Friday, January 24th, 2020
Happy Friday and welcome to Energized, your weekly look into the geopolitics, news, and happenings of energy markets.
Before diving into this week’s content, we’d like to remind you to join our Energized LinkedIn Group. We will be releasing frequent news and snippets of Energized newsletters through the group. We hope to see you there. Also, if you haven’t already, visit our website to gain access to our free Oil 101 introductory course, our popular series of mobile-ready videos describing “How the industry works.” Ready for more? Check out our in-depth Oil 201 course which covers exploration, drilling, production, well completions, and refining. If your company or group is interested in Oil 101, let’s talk. We license our courses for use as internal training for sales, IT and operations teams. Think you know someone who would enjoy this newsletter? Pass it on! They can subscribe and access our Energized archives here.
Now, onto this week’s issue.
Curated weekly oil and gas newsletter
Oil Prices and Markets
+ Fast Facts – Houston Chronicle “Fuel Fix”
Light, sweet crude (dollars per barrel): $ 58.54
Last Week: $59.04
Natural Gas (dollars per million British thermal units): $2.00
Last Week: $2.20
Rig count (United States): 775
Last Week: 759
+ A visual guide to the Wuhan Coronavirus – CNN Health
Oil prices fell around 12% in roughly two weeks, largely in response to fears over China’s fuel consumption demand. The drop marked the lowest level oil has been in seven weeks. Fear comes as the result of a new coronavirus, which has already killed 17 people. The virus emerged in December in Wuhan, the largest city in central China with a population of around 11 million.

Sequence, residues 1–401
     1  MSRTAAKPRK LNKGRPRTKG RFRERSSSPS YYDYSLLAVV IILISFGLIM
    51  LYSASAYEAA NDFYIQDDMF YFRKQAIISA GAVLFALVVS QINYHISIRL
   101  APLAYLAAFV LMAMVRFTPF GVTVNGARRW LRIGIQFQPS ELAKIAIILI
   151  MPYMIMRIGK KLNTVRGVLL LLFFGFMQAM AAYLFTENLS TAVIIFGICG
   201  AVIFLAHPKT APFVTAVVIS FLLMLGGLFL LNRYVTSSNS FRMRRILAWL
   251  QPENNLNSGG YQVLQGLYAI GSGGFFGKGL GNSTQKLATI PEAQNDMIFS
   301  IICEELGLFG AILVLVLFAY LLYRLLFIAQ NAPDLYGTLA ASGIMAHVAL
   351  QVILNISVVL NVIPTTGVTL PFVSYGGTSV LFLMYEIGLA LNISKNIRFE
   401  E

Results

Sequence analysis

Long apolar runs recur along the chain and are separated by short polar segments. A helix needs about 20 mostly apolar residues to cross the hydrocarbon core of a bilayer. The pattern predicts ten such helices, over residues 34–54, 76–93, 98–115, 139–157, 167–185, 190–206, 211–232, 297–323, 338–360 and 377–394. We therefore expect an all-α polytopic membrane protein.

For most, it’s a little more than a cough and a sore throat, but for the young, elderly, or anyone with pre-existing conditions, it can be dangerous.
“The country has adopted prevention and control measures that are typically used for major outbreaks such as plague and cholera. This means health officials will get sweeping powers to lock down affected areas and quarantine patients. Wuhan “temporarily” closed its airport and railway stations on Thursday for departing passengers, and all public transport services are suspended until further notice.”
So how does the virus affect oil prices?
Fuel demand will go down if cities restrict access. Closed airports and railway stations also mean less fuel consumption, especially in Wuhan, which is the center of China’s high-speed rail network. Seeing as the virus has already spread “to all but five of China’s 33 administrative regions this week,” things are getting pretty serious.
The oil industry depends on transportation for demand. More international travel, commerce, and exchange all lead to more oil consumption. As of 2018, in the US, 69% of petrloleum consumption is used for transportation.
Measures to prevent a potential epidemic mean less fuel consumption. China is the second-largest consumer of oil behind the United States, but unlike the United States, China is incredibly energy-dependent.
Aside from China, the virus is estimated to have spread to Thailand, Japan, South Korea, Taiwan, and the United States, mostly through the Wuhan Tianhe International Airport.
Natural Gas Prices
+ Natural gas prices fall below $2 – The Wall Street Journal
“Mild weather and oversupply have pushed the commodity down to levels not seen since April 2016.”
Unless you’re living in the Southern Hemisphere, this headline may seem bizarre. That’s because it is. Natural gas prices tend to rise in the wintertime, but a slew of mild weather and record US gas production in 2019 is sending US natural gas prices tanking.